According to an 1881 law book written by Oxford University professor Thomas Holland on the Institutes of Justinian, law schools in Rome and at Beirut (then Berytus and now part of Lebanon), existed as of 450 B.C.

Berytus, from before the birth of Jesus Christ, was a Roman colony, attractive enough to two of the greatest and most quoted wise men of the Roman law, who traveled there to teach the law: Papinian (142-212) and his student Ulpian (circa 223).

Berytus was then a city-state of Phoenicia, an ancient indigenous settlement on the eastern shores of the Mediterranean. Phoenicia is often credited with the creation of the alphabet from which the Greek and later the Romans borrowed extensively to create their own. This legacy of language and the written word may have explained why the Romans accepted and then promoted Berytus as the site of the earliest law school.

These earliest law schools were recognized in state documents as early as 250 AD, said documents also referring to iuris professio (law professor).

Beyrtus coin circa 250 ADGeorge Rawlinson, professor of ancient history at the University of Oxford wrote, in his 1889 book:

"Towards the middle of the third century after Christ a school of law and jurisprudence arose at Berytus, which attained high distinction, and is said by Gibbon to have furnished the eastern provinces of the empire with pleaders and magistrates for the space of three centuries (A.D. 250-550).

"The course of education at Berytus lasted five years, and included Roman Law in all its various forms, the works of Papinian being especially studied in the earlier times, and the same together with the edicts of Justinian in the later.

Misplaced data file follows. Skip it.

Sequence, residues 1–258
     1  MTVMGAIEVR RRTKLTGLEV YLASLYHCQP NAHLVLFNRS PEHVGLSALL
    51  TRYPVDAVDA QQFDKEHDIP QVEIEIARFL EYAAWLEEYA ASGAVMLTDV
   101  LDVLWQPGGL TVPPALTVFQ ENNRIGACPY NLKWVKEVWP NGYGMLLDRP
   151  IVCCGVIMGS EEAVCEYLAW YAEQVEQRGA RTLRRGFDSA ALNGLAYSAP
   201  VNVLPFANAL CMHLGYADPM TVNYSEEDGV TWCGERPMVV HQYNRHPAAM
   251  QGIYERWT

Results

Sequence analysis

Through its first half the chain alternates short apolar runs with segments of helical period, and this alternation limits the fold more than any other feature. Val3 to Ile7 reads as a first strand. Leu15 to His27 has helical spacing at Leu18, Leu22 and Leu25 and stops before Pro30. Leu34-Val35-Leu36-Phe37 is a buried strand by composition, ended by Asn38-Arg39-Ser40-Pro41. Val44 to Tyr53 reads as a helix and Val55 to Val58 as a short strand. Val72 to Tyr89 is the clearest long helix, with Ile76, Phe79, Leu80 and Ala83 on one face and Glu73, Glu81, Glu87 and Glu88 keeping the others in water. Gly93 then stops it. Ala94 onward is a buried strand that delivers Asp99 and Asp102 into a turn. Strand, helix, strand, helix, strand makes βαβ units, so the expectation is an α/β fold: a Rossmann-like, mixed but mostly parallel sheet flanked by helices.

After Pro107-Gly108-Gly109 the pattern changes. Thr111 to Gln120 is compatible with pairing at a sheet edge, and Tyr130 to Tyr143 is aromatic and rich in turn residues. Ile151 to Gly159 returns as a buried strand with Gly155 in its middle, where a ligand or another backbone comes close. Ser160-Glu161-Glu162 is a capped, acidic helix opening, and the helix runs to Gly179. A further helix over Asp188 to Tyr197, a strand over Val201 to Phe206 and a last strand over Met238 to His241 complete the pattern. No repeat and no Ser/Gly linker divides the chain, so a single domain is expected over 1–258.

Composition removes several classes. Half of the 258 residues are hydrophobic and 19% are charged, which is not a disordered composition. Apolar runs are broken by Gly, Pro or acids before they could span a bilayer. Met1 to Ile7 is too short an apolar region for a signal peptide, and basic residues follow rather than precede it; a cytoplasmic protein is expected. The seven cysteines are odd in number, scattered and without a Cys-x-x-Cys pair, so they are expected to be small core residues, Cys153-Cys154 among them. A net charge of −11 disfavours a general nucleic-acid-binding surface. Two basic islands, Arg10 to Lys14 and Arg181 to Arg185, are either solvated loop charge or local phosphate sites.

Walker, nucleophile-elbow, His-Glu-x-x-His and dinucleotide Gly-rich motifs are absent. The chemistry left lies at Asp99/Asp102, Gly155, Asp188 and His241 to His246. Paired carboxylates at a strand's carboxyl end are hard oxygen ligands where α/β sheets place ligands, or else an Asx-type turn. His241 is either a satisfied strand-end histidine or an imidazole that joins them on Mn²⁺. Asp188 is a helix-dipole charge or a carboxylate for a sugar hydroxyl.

"Pleaders were forced to study either at Berytus, or at Rome, or at Constantinople, and, the honours and emoluments of the profession being large, the supply of students was abundant and perpetual.

"External misfortune, and not internal decay, at last destroyed the school, the town of Berytus being completely demolished by an earthquake in the year A.D. 551. The school was then transferred to Sidon, but appears to have languished on its transplantation to a new soil and never to have recovered its pristine vigour or vitality."

By 1100, in medieval Italy, students of law would hire a teacher to teach them Roman Law, especially Justinian's Code Corpus Juris, where the contributions of Irnerius was renowned.


  • Cole, Fay-Cooper and Warren, Harris G., An Illustrated History of Mankind, volume 1 (New York: Grolier, 1965), page 41.
  • Rawlinson, George, History of Phoenicia (Longmen, Green & Co., 1889)